In developing this project, the architects at practice Studio MWA started from the characteristics of the site, a lovely nature retreat near Wellington, New Zealand. The butterfly shape was “adopted” by the project team while panning Dulieu Residence, a three bedroom family home. The architects explain: “Together with the client a brief was developed, but from the start it was obvious that a simple single story design using natural materials, quality orientation to capture sun to take advantage of passive solar energy heating, rainwater and spring water collection, environmentally responsible sewer treatment, with a sustainable approach was ideal. The final house is easy to live in, with indoor-outdoor flow, low maintenance, but the openness and simplicity are the main characteristics of this design. To create a residential project which has nearly 70% of exterior walls in glass is always very challenging in order to follow the standards and requirements, but we achieved all that and even more.” Impressed?
Energy during the construction process was saved by using FSC-certified glulam timber instead of steel to create the building’s distinctive wavy roof, while the store’s external walls use hemclad, a highly innovative insulator made from hemp, which, like all plants, absorbs CO2 from the atmosphere as it grows. An 80,000 litre water tank below ground provides water for the store’s toilets and waters the site’s green wall’, which provides natural insulation, acts as an all-natural pollution filter near the car park, and helps to encourage biodiversity. The result is a building that uses a fraction of the energy of structures of a similar size, and is still very popular with local shoppers.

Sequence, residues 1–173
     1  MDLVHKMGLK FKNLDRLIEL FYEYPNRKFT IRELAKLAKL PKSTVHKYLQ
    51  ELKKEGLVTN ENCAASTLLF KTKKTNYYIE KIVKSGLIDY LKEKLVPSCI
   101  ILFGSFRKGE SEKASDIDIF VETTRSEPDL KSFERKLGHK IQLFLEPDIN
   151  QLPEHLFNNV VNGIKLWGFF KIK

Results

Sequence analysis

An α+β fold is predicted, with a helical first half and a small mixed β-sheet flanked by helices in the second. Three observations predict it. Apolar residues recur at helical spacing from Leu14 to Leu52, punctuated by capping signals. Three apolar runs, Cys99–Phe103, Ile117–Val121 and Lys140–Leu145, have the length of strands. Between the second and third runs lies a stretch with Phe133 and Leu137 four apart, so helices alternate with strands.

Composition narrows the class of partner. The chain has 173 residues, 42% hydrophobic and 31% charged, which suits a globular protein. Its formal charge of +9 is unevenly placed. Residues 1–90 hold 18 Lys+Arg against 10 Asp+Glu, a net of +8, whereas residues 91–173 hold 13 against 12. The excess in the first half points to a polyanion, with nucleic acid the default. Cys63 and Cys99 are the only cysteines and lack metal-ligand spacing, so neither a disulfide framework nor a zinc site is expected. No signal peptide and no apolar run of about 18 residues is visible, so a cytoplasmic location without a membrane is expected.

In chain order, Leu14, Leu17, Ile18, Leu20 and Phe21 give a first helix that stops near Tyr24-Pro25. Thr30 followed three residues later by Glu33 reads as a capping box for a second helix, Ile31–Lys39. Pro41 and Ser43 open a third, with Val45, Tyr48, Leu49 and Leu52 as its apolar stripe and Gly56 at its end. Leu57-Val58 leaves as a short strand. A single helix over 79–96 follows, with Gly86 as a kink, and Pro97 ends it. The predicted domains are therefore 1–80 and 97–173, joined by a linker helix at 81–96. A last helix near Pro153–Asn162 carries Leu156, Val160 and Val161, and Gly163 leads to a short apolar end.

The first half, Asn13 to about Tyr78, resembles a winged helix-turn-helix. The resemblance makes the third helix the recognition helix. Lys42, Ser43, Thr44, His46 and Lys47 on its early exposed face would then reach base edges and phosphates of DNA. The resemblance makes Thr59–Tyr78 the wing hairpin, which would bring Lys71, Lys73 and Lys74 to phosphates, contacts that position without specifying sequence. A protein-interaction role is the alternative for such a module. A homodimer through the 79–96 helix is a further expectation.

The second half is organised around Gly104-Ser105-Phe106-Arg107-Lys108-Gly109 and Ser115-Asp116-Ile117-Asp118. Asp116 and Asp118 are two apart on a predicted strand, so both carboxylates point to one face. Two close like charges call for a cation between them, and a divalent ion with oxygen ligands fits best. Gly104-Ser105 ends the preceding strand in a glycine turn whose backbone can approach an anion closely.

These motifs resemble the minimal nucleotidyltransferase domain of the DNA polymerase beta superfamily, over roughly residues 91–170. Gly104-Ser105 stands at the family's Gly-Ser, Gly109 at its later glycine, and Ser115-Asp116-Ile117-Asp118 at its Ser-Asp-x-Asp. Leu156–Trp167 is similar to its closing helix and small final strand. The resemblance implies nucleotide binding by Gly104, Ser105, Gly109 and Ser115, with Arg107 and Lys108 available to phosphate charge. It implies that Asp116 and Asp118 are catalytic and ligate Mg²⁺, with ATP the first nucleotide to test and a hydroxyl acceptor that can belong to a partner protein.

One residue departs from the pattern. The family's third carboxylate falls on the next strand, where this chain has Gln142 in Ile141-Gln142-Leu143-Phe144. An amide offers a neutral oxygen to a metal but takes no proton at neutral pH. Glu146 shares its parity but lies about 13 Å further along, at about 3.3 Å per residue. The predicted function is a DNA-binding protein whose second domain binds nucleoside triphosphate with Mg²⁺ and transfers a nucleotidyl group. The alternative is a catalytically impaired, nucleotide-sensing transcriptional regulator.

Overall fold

What is new and exciting now can quickly begin to look tired and out of fashion, so the best buildings don’t just consider what will be interesting to look at now, but also how it might look to people in five, fifty or even a hundred years’ time. 2013’s hotly contested RIBA Stirling Prize went to Witherford Watson Mann Architects for their work on Astley Castle, Warwickshire. In what RIBA Past President Stephen Hodder has described as an extreme retrofit, the project essentially saw a new building inserted subtly into the heart of the old, with a new, two storey residence now hidden within the sandstone walls of the ruins of this medieval castle, to be used as a holiday home for up to eight guests